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12.  What countries produce most of the world's farmed seafood?

According to the United Nation’s Food and Agriculture Organization (FAO) The State of World Fisheries and Aquaculture – 2010, approximately 62% of all farmed seafood in the world is produced in China, 26% in Asia outside of China, 4.5% from Europe, and 4.5 percent from the Americas.  (This excludes aquatic plants.)

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13.  How much is U.S. aquaculture production worth?

Total U.S. aquaculture production (freshwater and marine) is about $1.2 billion annually (relative to world aquaculture production of almost $100 billion).  U.S. marine aquaculture has a “farm-gate” or landed value of $200 million.  This represents fish produced directly for food.   (This excludes aquatic plants and hatchery-raised salmon that are later caught in commercial and recreational fisheries.)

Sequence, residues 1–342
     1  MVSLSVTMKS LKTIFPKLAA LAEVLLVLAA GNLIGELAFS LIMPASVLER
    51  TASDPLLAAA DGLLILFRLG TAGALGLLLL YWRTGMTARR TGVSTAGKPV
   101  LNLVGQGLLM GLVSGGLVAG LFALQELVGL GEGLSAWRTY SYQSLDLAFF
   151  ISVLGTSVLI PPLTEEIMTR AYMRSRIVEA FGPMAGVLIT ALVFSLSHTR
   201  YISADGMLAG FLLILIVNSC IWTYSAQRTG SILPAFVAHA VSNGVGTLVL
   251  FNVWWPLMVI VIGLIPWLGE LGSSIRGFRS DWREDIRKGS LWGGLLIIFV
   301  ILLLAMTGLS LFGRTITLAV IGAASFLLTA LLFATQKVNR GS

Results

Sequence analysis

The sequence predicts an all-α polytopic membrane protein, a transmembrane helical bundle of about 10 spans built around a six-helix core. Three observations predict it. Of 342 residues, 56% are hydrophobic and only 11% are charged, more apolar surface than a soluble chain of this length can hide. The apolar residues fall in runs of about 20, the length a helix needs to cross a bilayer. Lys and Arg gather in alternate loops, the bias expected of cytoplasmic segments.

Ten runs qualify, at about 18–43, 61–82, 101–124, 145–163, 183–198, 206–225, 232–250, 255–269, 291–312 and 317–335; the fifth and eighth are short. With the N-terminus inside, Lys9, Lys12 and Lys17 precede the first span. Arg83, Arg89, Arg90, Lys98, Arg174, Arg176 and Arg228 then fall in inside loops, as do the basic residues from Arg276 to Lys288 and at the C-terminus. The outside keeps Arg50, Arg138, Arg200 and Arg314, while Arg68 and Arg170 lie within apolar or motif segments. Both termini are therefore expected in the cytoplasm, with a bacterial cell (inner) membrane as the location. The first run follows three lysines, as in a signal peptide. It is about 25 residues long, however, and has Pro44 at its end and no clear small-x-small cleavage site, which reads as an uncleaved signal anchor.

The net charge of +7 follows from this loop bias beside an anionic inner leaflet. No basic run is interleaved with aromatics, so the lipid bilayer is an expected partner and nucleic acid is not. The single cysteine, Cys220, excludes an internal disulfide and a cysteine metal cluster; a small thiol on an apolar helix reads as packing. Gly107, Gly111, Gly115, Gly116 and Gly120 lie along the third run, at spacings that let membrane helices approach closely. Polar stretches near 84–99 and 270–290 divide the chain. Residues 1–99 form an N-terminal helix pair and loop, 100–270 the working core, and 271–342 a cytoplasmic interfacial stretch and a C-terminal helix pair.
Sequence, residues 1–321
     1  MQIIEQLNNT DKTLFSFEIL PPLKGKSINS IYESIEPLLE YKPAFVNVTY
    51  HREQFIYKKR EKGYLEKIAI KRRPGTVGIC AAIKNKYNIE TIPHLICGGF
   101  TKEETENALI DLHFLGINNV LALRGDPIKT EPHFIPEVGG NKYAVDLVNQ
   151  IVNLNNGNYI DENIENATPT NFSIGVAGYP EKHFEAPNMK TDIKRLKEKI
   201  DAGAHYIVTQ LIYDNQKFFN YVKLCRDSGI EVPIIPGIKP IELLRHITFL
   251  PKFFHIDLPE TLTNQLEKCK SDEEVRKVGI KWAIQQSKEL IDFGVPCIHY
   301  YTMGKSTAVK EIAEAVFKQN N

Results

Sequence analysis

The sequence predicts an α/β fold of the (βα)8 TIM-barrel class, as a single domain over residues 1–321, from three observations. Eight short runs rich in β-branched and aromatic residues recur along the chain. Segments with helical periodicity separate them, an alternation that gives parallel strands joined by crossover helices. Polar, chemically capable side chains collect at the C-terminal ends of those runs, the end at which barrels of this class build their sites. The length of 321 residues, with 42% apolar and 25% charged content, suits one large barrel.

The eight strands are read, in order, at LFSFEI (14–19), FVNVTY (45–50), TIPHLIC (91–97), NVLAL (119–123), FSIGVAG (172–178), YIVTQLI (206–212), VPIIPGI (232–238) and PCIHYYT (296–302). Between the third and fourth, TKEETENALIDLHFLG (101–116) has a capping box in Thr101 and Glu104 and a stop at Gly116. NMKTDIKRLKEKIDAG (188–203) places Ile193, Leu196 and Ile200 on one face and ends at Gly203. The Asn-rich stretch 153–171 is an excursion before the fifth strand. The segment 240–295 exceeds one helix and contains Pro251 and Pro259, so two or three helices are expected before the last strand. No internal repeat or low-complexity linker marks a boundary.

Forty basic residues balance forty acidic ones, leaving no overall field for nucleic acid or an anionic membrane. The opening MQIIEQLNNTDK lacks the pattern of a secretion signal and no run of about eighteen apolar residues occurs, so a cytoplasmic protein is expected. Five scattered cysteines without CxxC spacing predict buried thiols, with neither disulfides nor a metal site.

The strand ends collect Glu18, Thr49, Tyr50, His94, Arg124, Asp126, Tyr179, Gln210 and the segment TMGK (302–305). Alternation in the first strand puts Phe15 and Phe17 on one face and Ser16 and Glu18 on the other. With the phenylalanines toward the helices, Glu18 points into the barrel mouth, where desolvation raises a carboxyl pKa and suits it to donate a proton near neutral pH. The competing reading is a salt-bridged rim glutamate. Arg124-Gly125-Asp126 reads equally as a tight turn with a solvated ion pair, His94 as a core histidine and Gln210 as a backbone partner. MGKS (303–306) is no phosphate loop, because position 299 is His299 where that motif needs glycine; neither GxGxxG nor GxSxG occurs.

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14.  Where are aquaculture facilities located in the United States?

There is aquaculture in some form or another in all 50 states. The largest production states for marine aquaculture are Maine, Washington, Virginia, Louisiana, and Hawaii.  The largest states for freshwater aquaculture are Mississippi (catfish) and Idaho (trout). Some facilities grow fish and shellfish on a commercial scale as food for human consumption while other facilities such as hatcheries produce fish and shellfish in support of commercial and recreational fisheries.

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15.  How do you farm shellfish?